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Pregnancy And Zika: How To Protect Yourself

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ZIKA PREGNANCY
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Written by Dr. Elaine Herer, a Deputy Chief of Sunnybrook's Obstetrics and Gynecology department.

It's one of the hottest topics when I'm meeting with my pregnant patients: the Zika virus. Sometimes my patients are planning a 'babymoon' holiday to the Caribbean. Or they've traveled to a country with a Zika travel warning just before they were pregnant, and they're worried.

Here's what we know so far. The Zika virus is transmitted to humans through the bite of an infected mosquito. It is passed from person-to-person through sexual contact, blood transfusion and mom-to-baby. If a pregnant woman is exposed to the Zika virus through one of these ways, we don't know how likely she is to get Zika. And if she is infected, we don't know how the virus will affect her or her pregnancy.

We do know there is a link between Zika and microcephaly, a condition that is associated with incomplete brain development and abnormal smallness of a baby's head. We also that know the risk for microcephaly and other congenital abnormalities appears to be highest if Zika virus infection occurs in the first trimester of pregnancy. However, neonatal brain abnormalities have also been detected even if Zika virus infection occurred later in the pregnancy.

Currently, there is no vaccine or treatment for the Zika virus.

That is a lot of "if's", so here's what I'm telling my patients that are currently pregnant:

1. Don't travel to an area with Zika.
Until we know more, it's safe to say you should avoid travel to an area with Zika. If you absolutely must travel to an area where Zika is present, take steps to prevent being bitten by a mosquito. These include wearing long-sleeved shirts and pants, staying in accommodations that have air conditioning and screens to keep mosquitos outside, and wearing insect repellant (it's safe for pregnant and breastfeeding women). It's also important to stay away from any containers with standing water, as they are popular mosquito breeding grounds.

2. Practice safe sex if there's a chance your partner was exposed.
If your partner lives in an area with Zika, or has traveled to an area where Zika is present, use a condom to reduce the chance of getting Zika from sex (vaginal, anal and oral sex, and the sharing of sex toys). To be effective, it's important to use condoms from start to finish, each and every time during vaginal, anal and oral sex.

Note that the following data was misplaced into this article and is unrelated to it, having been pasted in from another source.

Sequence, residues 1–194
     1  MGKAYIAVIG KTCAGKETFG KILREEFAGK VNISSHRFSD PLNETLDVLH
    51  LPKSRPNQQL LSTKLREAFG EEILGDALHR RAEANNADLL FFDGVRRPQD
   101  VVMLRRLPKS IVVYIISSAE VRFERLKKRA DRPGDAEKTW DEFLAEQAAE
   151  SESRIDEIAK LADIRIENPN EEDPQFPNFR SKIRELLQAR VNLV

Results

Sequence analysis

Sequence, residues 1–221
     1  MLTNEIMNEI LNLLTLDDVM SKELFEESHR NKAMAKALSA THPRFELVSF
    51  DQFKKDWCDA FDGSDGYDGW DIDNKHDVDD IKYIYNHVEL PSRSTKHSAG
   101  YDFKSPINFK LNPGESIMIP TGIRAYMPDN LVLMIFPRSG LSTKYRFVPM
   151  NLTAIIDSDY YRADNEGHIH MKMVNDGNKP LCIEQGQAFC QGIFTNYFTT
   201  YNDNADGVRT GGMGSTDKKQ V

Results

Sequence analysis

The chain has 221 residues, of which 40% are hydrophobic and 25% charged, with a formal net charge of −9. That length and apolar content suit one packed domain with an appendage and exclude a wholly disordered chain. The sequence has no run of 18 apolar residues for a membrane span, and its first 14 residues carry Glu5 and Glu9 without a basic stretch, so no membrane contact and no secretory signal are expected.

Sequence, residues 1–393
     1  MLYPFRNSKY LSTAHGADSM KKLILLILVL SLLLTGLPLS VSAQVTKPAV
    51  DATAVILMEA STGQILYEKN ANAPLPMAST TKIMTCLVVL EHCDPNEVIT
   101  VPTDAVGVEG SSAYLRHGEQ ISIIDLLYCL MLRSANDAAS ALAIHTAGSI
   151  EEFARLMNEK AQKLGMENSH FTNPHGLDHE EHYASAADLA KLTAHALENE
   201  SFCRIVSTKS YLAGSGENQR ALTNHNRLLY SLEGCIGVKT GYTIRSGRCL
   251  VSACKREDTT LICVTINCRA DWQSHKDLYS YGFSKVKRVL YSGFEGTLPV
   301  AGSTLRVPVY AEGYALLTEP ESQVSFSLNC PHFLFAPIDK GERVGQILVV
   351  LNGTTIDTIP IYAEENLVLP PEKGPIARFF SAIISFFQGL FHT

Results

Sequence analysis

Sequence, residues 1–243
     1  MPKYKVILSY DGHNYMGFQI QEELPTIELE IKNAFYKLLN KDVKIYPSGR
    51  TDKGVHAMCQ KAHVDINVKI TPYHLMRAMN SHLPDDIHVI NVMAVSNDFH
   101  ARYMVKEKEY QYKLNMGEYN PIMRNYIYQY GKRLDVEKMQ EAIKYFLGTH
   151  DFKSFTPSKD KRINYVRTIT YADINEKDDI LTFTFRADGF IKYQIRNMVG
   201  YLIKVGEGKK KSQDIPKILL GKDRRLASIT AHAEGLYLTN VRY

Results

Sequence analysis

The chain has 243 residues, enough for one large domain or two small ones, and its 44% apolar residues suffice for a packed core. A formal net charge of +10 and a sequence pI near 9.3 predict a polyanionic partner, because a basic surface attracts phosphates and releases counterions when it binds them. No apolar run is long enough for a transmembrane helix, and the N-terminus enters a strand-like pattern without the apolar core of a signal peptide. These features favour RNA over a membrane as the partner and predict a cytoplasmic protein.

3. What if...:
If you think that you or your partner may have been exposed to the Zika virus, speak with your obstetrician or midwife. Make a list of any symptoms, you and/or your partner's travel history, and whether you had sex without a condom if your partner was in an area with Zika.

If you're not pregnant, but are hoping to become pregnant in the near future, here is the most up-to-date medical advice for those who have traveled to an area with Zika, or had sex without a condom with a partner possibly infected with Zika:

1. If you have, or have had, Zika symptoms (fever, rash, joint pain or red eyes during your trip or within two weeks after traveling to an area with Zika): Wait at least eight weeks after your symptoms start to try and get pregnant. If you suspect your partner had Zika, the current recommendations are to wait at least six months after his symptoms start.

2. If you haven't had any Zika symptoms: Still wait at least eight weeks after travel or exposure to Zika through sexual contact. For your partner, the guidelines suggest waiting eight weeks as well.

There is a lot of work, clinically and research-wise, taking place into better understanding the Zika virus and infection. If you have any concerns or questions, speak with a member of your health care team.

Read more pregnancy information from Sunnybrook experts at health.sunnybrook.ca

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